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LEWIS v. NEWMAN

UNITED STATES DISTRICT COURT FOR THE NORTHERN DISTRICT OF CALIFORNIA


August 2, 1991

BRYANT LEWIS Plaintiff,
v.
CONSTANCE NEWMAN, et al., Defendants.

The opinion of the court was delivered by: D. LOWELL JENSEN

ORDER

 On July 31, 1991, his Court heard defendant's motion to dismiss the Merit System Protection Board, and its Chairman, Daniel Levinson, as defendants pursuant to Federal Rule of Civil Procedure 12(b)(6). Sherry Armstrong of the Merit System Protection Board and Patricia Kenney of the Office of Personnel Management appeared for defendants. Bryant Lewis appeared for himself. Having considered the papers submitted, the arguments of counsel, the applicable law, and the entire record herein, the Court DISMISSES the Merit System Protection Board and Daniel Levinson as defendants for the following reasons.

 I. SYNOPSIS OF COURT'S REASONING

 Bryant Lewis ("Lewis") was denied employment by the Internal Revenue Service and the Federal Deposit Insurance Corporation. After exhausting his administrative appeals through the Office of Personnel Management, the Merit System Protection Board, and the Equal Employment Opportunity Commission, Lewis brought a discrimination claim in this Court. In the complaint, Lewis named as defendants Constance Newman of the Office of Personnel Management, the Merit System Protection Board, and it's Chairman, Daniel Levinson.

 Lewis contends that he was discriminated against in violation of two statutes, the Civil Service Reform Act and the Civil Rights Act of 1964. However, the language of both statutes makes clear that the proper defendant in this case is the Office of Personnel Management and not the Merit System Protection Board. Therefore, the Court is required by law to dismiss the Merit System Protection Board and Daniel Levinson as defendants.

 Lewis' complaint of discrimination is still active with Constance Newman, Director of the Office of Personnel Management as the proper defendant. Lewis' rights to recover for his injuries his not been diminished should he prove he has a valid claim against the Office of Personnel Management.

 II. BACKGROUND

 Plaintiff was disqualified for employment by the Internal Revenue Service (IRS) and the Federal Deposit Insurance Corporation (FDIC) after failing to successfully pass an oral interview. On November 27, 1989, plaintiff appealed his denial of employment by the IRS and FDIC to the Merit Systems Protection Board ("Board") alleging religious and handicap discriminations. On March 23, 1990, the Board's administrative judge affirmed the denial. The decision became final on September 13, 1990, when the Board denied review. Plaintiff filed a complaint of discrimination with the Equal Employment Opportunity Commission (EEOC), which was denied on February 4, 1991.

 Plaintiff then brought this action against Constance Newman, Director of the Office of Personnel Management (OPM), the Merit Systems Protection Board, and its Chairman, Daniel Levinson ("Levinson"), alleging religious and handicap discriminations. In the complaint plaintiff's specific claim is that the OPM discriminated against him, but there is no specific allegation as to the conduct of the Board and Levinson. See Complaint at 3 para. 6 (filed March 6, 1991). However, in plaintiff's opposition to defendant's motion to dismiss, plaintiff alleges that the Board discriminated against him by failing to hold that he was denied employment on the basis of handicap and religious discrimination. See Plaintiff's Response To Motion To Dismiss at 2 lines 9-21 (filed July 15, 1991) [hereinafter Response].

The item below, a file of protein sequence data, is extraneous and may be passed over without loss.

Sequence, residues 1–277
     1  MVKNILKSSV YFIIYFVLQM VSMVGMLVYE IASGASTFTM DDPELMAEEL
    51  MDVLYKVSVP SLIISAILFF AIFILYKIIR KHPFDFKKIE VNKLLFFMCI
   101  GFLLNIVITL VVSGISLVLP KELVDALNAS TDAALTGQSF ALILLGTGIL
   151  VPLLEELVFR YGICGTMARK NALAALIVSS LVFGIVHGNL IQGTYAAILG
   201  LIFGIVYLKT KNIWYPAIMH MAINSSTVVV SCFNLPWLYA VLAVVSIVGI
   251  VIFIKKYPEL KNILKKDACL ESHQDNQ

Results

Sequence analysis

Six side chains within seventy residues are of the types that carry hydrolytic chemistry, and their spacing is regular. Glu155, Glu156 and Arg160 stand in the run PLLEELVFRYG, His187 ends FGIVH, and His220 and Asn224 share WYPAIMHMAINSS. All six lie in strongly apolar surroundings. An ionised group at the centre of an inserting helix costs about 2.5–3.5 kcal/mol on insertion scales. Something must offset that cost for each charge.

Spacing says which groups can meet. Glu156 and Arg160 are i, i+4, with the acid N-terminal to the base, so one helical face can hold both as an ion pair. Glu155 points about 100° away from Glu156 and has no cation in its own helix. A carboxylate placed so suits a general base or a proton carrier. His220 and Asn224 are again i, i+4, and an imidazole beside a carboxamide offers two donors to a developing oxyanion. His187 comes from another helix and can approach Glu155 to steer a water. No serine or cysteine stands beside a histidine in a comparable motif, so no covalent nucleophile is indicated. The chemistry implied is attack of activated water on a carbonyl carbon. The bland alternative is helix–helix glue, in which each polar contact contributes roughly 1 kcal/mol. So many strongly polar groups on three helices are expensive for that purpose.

In the motion presently before the Court, defendants move to dismiss the Board and Levinson as defendants pursuant to Federal Rules of Civil Procedure 12(b)(6).

 III. LEGAL DISCUSSION

 A. Standard Of Review

 The question presented by a Federal Rule of Civil Procedure 12(b)(6) motion to dismiss is not whether the plaintiff will prevail in the action, but whether the plaintiff is entitled to offer evidence in support of his or her claim. "The accepted rule [is] that a complaint should not be dismissed for failure to state a claim unless it appears beyond doubt the plaintiff can prove no set of facts in support of his claim which would entitle him to relief." Conley v. Gibson, 355 U.S. 41, 78 S. Ct. 99, 102, 2 L. Ed. 2d 80 (1957). In the Ninth Circuit, the Court making this determination must assume that the plaintiff's allegations are true, construe the complaint in a light most favorable to the plaintiff, and resolve every doubt in the plaintiff's favor. United States v. City of Redwood City, 640 F.2d 963, 966v (9th Cir. 1981).

 Furthermore, Federal Rule of Civil Procedure 15(a) provides that "leave [to amend] shall be freely given when justice so requires." The Rules in general embody a policy which favors the resolution of claims on the merits, rather than on procedural grounds, and Rule 15(a) has been interpreted in the light of this policy to require that amendments be freely allowed in absence of a narrowly defined set of exceptional circumstances. Foman v. Davis, 371 U.S. 178, 182, 9 L. Ed. 2d 222, 83 S. Ct. 227 (1962). These exceptional circumstances include undue delay in bringing the amendment, dilatory motive and bad faith, prejudice to the opposing party, and circumstances indicating that the proposed amendment is futile. Id.; Moore v. Kayport Package Express, Inc., 885 F.2d 531, 538 (9th Cir. 1989); California Architectural Building Products, Inc. v. Franciscan Ceramics, Inc., 818 F.2d 1466, 1472 (9th Cir. 1987). However, the Court will dismiss a futile claim without leave to amend only if "it is 'absolutely clear that the deficiencies of the complaint could not be cured by amendment.'" Noll v. Carlson, 809 F.2d 1446, 1448 (9th Cir. 1987) (quoting Broughton v. Cutter Laboratories, 622 F.2d 458, 460 (9th Cir. 1980) (per curiam)).